What makes a good life?
What are our shared dreams for our children?
What is the role of school in achieving these dreams?
These are the three questions driving the team at RE-ENVISIONED, a national movement to redefine the purpose of school. Their mission is as grand in scope as the answers to those questions: to interview 10,000 people across the country and from their collective responses, put forth a shared national vision for schooling.
The Donnell-Kay Foundation team learned about RE-ENVISIONED from its co-founder, Nicole Hensel, who was a fellow with DK in the summer of 2016. Nicole, her co-founder Erin Raab, and a group of graduate students at Stanford University came up with RE-ENVISIONED as a response to what they felt to be a lack of common understanding or purpose in education.
RE-ENVISIONED urges us to “forget for a moment the debates about accountability, and standards, testing and gaps. Let's step back and ask the basic questions. Are we even solving the right problems?” If you’ve ever pondered our society’s purpose for school or posed this question to someone else, you’re probably aware of just how disparate those responses can be. Instead of debating the merits of governance models, what if we started with what it means to have thriving individuals and a flourishing society?
Nicole and team believe a new shared vision for education must come not from academics or policy experts, but from “the deepest values and dreams of students, parents, educators and community members.” As the interviews accumulate, they post them on their website and social media platforms to begin fostering empathy for the perspectives of others. They also analyze (“code”) the interviews for themes, which will become the basis for the shared vision. Ultimately, their goal is to reframe the purpose of schooling more broadly in policy and through a national campaign.
You might be wondering, how long will it take a small team of graduate students to interview 10,000 people? The RE-ENVISIONED team has wisely implemented what they call a Catalyst model to ignite “a growing network of change-makers dedicated to systems change in education.” Once you are interviewed, you have the option to apply to become a Catalyst and begin interviewing others using a carefully designed interview protocol. If every person interviewed so far (approximately 300) set out to interview five other people, the project could be done in a year. Depending on how quickly the movement spreads, the team estimates that it will take between 2-5 years.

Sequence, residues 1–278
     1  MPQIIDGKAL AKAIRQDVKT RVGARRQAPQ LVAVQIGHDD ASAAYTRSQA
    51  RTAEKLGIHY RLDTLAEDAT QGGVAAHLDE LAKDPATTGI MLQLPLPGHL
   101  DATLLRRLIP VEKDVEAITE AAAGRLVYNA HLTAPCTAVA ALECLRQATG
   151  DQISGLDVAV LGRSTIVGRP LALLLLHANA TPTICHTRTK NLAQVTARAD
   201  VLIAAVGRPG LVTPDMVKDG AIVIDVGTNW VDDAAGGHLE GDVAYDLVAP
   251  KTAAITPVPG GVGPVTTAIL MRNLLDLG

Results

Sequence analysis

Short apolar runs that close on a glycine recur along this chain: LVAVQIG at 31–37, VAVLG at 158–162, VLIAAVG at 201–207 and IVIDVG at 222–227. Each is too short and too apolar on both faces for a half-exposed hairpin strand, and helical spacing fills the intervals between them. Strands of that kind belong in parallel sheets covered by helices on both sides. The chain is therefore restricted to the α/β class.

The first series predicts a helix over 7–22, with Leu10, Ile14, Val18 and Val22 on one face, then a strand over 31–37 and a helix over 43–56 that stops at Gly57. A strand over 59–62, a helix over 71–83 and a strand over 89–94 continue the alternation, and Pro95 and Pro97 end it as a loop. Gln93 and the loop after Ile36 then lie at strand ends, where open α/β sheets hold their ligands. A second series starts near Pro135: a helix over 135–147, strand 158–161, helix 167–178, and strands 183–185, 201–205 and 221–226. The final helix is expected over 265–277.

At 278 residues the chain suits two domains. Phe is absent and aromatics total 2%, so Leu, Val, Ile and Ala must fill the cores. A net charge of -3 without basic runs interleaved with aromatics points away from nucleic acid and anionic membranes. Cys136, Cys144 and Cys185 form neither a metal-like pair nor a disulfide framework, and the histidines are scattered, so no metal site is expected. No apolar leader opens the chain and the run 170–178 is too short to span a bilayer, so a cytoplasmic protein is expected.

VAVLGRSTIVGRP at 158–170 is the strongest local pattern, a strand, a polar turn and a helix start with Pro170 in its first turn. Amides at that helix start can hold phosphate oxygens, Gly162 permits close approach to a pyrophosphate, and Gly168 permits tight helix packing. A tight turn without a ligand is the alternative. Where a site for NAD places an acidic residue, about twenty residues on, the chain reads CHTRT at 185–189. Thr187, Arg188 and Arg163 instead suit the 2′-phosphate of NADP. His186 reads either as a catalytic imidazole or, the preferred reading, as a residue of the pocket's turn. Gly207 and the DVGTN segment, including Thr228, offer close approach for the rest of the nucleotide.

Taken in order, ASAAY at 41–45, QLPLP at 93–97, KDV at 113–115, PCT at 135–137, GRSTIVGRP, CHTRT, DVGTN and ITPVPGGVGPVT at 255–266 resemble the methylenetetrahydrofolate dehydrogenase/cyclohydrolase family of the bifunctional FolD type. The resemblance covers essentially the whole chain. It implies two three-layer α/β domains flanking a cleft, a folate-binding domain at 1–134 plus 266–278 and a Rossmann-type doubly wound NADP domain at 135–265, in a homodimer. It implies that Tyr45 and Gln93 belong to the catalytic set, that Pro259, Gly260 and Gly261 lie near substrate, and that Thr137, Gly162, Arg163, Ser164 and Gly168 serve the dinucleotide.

What’s refreshing about RE-ENVISIONED is a conversation elevated above social and ideological divides. Almost every person interviewed believes happiness makes a good life, despite how they identify demographically or politically. And yet, the team wants to know how people define happiness specifically - is it possible we all want our kids to be happy, but have different definitions of what constitutes a good life? At a moment in our country when disagreement can escalate quickly and often just leads to more entrenched camps of thought, it is more important than ever to listen openly to the lived experiences of others. To do so requires vulnerability and humility.
The DK team is excited to support the RE-ENVISIONED movement, as it aligns with their mission for the ReSchool Colorado initiative to co-design a new learner-centered education system. When reflecting on what makes a good life, we coalesced around four things: curiosity and lifelong learning, relationships and community, health and stability, and fulfilled purpose and meaning. Follow the links to read the full interviews with Tony Lewis, Amy Anderson, Rebecca Kisner and Paula Davis.